Blogger at NBC Sport.com's HardballTalk. Recovering litigator. Rake. Scoundrel. Notorious Man-About-Town.
One of my favorite scenes in a baseball movie is the “lollygaggers” speech in “Bull Durham.” I’m sure that the movie’s writer, Ron Shelton, at one point during his minor league career, heard a speech a lot like that. I’m guessing you don’t hear that kind of rant very much anymore, if for no other reason than because managers know it well and realize they’ve been successfully pre-parodied out of being taken seriously if they do.
Terry Collins doesn’t care, though. After the Mets got shellacked 9-0 by the hapless Diamondbacks today — who completed a three-game sweep in New York — Collins was hot. Apart from Neil Walker, who he praised for hustle, he was mad about his team’s lack of effort. He starts strong but finishes The second half on fire, channeling Trey Wilson’s Skip and telling his club, through the press, that he’ll ship every last one of ’em out and replace them with someone from Las Vegas if they don’t shape up.
Managers are such middle managers these days. I get why that is and I’d probably want my manager to be a calm guy, channeling the baseball operations staff if I ran a team, but I’m not gonna lie: loved seeing Collins get hot like this:
The Yankees gave a mostly immobile Derek Jeter 130 starts at shortstop in 2014 when they were competing for a playoff spot. The 2016 Yankees could book “Wanna Get Away” fares on Southwest Airlines and a prepaid hotel room for an October 4th vacation and not have to worry, yet they still won’t let Alex Rodriguez have a little fun before his career ends:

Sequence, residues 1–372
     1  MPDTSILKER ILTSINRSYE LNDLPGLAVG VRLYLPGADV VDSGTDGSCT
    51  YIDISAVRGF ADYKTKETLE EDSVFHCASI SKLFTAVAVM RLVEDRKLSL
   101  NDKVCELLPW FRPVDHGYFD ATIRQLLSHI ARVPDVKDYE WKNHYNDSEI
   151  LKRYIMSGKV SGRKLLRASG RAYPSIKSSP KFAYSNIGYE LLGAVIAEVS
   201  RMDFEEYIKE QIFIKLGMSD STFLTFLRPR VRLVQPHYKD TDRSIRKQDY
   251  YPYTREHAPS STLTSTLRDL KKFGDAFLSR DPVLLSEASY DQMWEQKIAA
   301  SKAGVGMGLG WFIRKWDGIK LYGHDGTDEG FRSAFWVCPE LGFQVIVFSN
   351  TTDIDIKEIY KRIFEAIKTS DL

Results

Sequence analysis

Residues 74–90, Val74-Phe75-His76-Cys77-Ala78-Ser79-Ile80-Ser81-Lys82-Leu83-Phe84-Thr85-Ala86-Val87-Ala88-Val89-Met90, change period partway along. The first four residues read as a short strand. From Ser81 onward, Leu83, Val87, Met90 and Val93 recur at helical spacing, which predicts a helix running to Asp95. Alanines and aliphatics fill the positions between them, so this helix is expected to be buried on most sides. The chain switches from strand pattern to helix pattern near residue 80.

I’m sure everyone will remember where they were when they saw Chase Headley play third base in game 115 of a blah season back in the day. It’ll really be something to cherish.
In other news, Joe Girardi probably gives loved ones Amazon gift cards for Christmas.
The Oklahoma City Dodgers have announced that Yasiel Puig will speak with the media on Friday and then never again so long as he is in the minor leagues. Really, that’s how they put it.
Yasiel Puig is certainly a popular person and phenomenon to write about, but I don’t feel like, on a day to day basis anyway, he’s someone anyone thinks of as a good quote. If anything it’s probably a relief for the press covering Oklahoma City that he’s not talking to the media. That way they can tell their editors, nope, no Puig quotes, so stop asking.
It’s probably for the best for all concerned, really. Puig has two jobs in Oklahoma City: rake and stay healthy so that the Dodgers can trade him or, less likely, use him for a playoff push. The world will somehow still turn if he doesn’t talk to the press.
UPDATE: Welp, never mind:
I’m glad we went through this exercise.